I understand that the boot repulsors provide the lift/thrust and the palm repulsors provide stabilization but how is it capable of turning without a tail ruder of some sort? I know that there are flaps at various points for air braking but wouldn't he have to use them for doing a maneuver like the corkscrew/barrel roll?
If you watch his flight during the Avengers movie, his acrobatic flight technique is as follows:
As he is approaching the tesseract opening trying to stop the Chitauri he is flying at his maximum speed using his left hand as a stabilizer, his boot jets to direct his vector and his two thrust units on his back, to support his rolls.
He has his left hand turned palm down and uses his right hand repulsor as a weapon. It also creates drag when he uses it and he will take that drag and hard rotate into that drag.
He uses his two hands directed out in front of him to push himself out of the way of the falling debris.
That rotation makes his movement unpredictable to anyone targeting him but more importantly allows him to recharge his right repulsor and use his left as a weapon.
- On his back and shoulders he has some small control surfaces in addition to his jetpack units. It is the coordinated effort of his backpack jets, his planar surfaces, his repulsors, and his boot jets that allow him the advanced maneuvers he uses.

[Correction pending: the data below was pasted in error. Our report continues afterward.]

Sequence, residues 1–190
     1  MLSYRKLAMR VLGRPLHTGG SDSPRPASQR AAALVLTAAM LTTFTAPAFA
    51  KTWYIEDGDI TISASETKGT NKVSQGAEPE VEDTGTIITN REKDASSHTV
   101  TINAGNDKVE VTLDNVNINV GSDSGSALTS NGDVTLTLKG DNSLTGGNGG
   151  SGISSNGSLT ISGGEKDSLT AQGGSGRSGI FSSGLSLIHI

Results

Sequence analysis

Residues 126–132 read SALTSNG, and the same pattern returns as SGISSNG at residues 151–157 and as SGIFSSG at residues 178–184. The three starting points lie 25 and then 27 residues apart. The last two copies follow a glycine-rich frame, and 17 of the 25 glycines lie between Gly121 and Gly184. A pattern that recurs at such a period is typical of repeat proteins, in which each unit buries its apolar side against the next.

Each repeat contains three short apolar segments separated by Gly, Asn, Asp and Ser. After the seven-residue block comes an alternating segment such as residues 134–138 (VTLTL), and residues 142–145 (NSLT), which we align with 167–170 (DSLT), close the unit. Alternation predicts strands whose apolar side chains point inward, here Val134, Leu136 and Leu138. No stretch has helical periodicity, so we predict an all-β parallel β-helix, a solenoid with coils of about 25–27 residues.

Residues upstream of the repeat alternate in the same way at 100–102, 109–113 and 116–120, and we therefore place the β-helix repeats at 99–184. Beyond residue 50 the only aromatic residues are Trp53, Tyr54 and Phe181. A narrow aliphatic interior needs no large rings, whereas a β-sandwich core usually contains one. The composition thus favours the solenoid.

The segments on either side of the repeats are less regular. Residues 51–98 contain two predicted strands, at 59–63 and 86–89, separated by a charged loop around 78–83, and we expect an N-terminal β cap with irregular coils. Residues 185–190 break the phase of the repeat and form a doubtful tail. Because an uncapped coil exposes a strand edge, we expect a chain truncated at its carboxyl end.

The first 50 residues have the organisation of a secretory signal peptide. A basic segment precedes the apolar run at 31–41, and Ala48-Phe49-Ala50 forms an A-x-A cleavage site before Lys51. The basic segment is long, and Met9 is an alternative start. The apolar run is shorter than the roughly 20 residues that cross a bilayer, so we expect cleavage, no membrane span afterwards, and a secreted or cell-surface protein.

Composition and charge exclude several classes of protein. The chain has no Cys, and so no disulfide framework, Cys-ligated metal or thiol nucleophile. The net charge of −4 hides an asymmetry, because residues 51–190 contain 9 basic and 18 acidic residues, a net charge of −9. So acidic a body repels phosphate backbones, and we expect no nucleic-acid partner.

- The two backpack jets appear to have the ability to be directed independently.
Most of the flight scenes with Iron Man do not explain how he maintains a flight vector without an actual flight surface. The only way we can explain it is if we consider he is using himself as a flight surface.
Sure, his arms are outstretched, creating a wing-like surface but it is entirely too small even with the thrust provided by his output surfaces. There is only one other possibility. Antigravity.
I theorize he is utilizing some of the antigravity technology created by his father in addition to his repulsor technologies. See: How much did Iron Man's Suitcase weigh?
Using antigravity would allow him to only have to worry about thrust and fly without the need of a wing-like surface or pesky physical rules like Bernoulli's Principle.
If you watch the scene where the suit flies down to save Tony after being thrown from Stark Tower, you will see the suit is covered in small flight surfaces, at the shoulder and hips. Are they sufficient to support a human in flight? Probably not, but they ARE highly visible in this clip.
At least in the Iron Man and Avengers movies, I believe he uses his hand repulsors to maneuver.
He had flight surfaces all over his suit, don't you remember the check Jarvis ran of them just before his first flight from his workshop. It was a fairly significant point in the film.
That's the least of his concerns. His entire surface is capable of helping him maneuver... at those speeds pulling one arm inward or outward just an inch will almost certainly cause his course to deviate, and quickly. My very limited understanding of unusual flight form factors / cross sections is that they're incredible maneuverable but also incredibly difficult to maintain stable flight. So it's not a matter of "how does he turn" so much as "how does he fly straight".